Shear Force and Bending Moment
IntroductionShear Forces occurs when two parallel forces act out of alignment with each other. For example, in a large boiler made from sections of sheet metal plate riveted together, there is an equal and opposite force exerted on the rivets, owing to the expansion and contraction of the plates. Bending Moments are rotational forces within the beam that cause bending. At any point within a beam, the Bending Moment is the sum of: each external force multiplied by the distance that is perpendicular to the direction of the force.
Shearing ForceThe shearing force (SF) at any section of a beam represents the tendency for the portion of the beam on one side of the section to slide or shear laterally relative to the other portion. The diagram shows a beam carrying loads . It is simply supported at two points where the reactions are . Assume that the beam is divided into two parts by a section XX. The resultant of the loads and reaction acting on the left of AA is F vertically upwards, and since the whole beam is in equilibrium, the resultant force to the right of AA must be F downwards. F is called the Shearing Force at the section AA. It may be defined as follows:- The shearing force at any section of a beam is the algebraic sum of the lateral components of the forces acting on either side of the section. Where forces are neither in the lateral or axial direction they must be resolved in the usual way and only the lateral components are used to calculate the shear force.
Bending MomentsIn a similar manner it can be seen that if the Bending moments (BM) of the forces to the left of AA are clockwise, then the bending moment of the forces to the right of AA must be anticlockwise. Bending Moment at AA is defined as the algebraic sum of the moments about the section of all forces acting on either side of the section. Bending moments are considered positive when the moment on the left portion is clockwise and on the right anticlockwise. This is referred to as a sagging bending moment as it tends to make the beam concave upwards at AA. A negative bending moment is termed hogging.
Types Of LoadA beam is normally horizontal and the loads vertical. Other cases which occur are considered to be exceptions. A Concentrated load is one which can be considered to act at a point, although in practice it must be distributed over a small area. A Distributed load is one which is spread in some manner over the length, or a significant length, of the beam. It is usually quoted at a weight per unit length of beam. It may either be uniform or vary from point to point.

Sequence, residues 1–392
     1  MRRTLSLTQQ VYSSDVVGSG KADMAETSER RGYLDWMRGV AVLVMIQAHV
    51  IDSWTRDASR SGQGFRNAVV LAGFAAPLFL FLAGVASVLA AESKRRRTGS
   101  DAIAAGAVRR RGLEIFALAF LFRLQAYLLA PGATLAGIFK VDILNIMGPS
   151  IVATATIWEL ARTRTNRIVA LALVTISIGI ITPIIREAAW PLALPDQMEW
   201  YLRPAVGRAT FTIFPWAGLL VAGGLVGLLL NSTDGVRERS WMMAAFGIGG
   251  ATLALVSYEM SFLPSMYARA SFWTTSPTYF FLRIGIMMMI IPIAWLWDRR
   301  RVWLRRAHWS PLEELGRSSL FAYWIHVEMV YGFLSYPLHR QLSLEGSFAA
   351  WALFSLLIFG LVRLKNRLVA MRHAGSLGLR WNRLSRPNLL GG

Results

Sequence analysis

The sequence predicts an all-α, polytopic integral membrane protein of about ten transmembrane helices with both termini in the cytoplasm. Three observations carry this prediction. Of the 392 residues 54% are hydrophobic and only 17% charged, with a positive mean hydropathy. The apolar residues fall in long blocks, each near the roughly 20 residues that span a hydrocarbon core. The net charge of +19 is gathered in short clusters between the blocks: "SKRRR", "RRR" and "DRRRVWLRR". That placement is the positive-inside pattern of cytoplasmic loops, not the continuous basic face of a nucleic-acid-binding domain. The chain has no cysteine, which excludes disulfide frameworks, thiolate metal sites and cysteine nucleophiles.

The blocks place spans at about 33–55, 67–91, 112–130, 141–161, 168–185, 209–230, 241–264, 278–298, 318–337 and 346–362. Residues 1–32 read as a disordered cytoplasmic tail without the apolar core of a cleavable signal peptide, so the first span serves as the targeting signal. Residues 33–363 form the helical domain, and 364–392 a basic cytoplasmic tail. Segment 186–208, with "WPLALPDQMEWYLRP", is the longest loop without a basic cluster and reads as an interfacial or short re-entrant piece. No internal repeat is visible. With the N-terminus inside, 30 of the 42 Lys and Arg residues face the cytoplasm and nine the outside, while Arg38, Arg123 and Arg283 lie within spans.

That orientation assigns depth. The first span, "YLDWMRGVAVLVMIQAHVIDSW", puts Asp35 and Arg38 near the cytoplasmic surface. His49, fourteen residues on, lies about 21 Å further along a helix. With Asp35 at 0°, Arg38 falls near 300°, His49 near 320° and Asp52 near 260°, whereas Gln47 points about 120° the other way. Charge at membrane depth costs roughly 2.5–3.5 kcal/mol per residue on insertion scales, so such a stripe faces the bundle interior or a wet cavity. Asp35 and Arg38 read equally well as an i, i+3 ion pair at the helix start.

Types Of SupportA Simple or free support is one on which the beam is rested and which exerts a reaction on the beam. It is normal to assume that the reaction acts at a point, although it may in fact act act over a short length of beam. A Built-in or encastre' support is frequently met . The effect is to fix the direction of the beam at the support. In order to do this the support must exert a "fixing" moment M and a reaction R on the beam. A beam which is fixed at one end in this way is called a Cantilever. If both ends are fixed in this way the reactions are not statically determinate. In practice, it is not usually possible to obtain perfect fixing and the fixing moment applied will be related to the angular movement of the support. When in doubt about the rigidity, it is safer to assume that the beam is freely supported.
The Relationship Between W, F, M.In the following diagram is the length of a small slice of a loaded beam at a distance x from the origin O Let the shearing force at the section x be F and at . Similarly, the bending moment is M at x, and . If w is the mean rate of loading of the length , then the total load is , acting approximately (exactly if uniformly distributed) through the centre C. The element must be in equilibrium under the action of these forces and couples and the following equations can be obtained:- Taking Moments about C:
Example - Example 1
- The shearing force suffers sudden changes when passing through a load point. The change is equal to the load.
- The bending Moment diagram is a series of straight lines between loads. The slope of the lines is equal to the shearing force between the loading points.
Uniformly Distributed Loads
Example - Example 3
Example - Example 4
Varying Distributed Loads.
Example - Example 7
The complete diagrams are shown. It can e seen that for a uniformly varying distributed load, the Shearing Force diagram consists of a series of parabolic curves and the Bending Moment diagram is made up of "cubic" discontinuities occurring at concentrated loads or reactions. It has been shown that Shearing Forces can be obtained by integrating the loading function and Bending Moment by integrating the Shearing Force, from which it follows that the curves produced will be of a successively "higher order" in x ( See equations (6) and(7))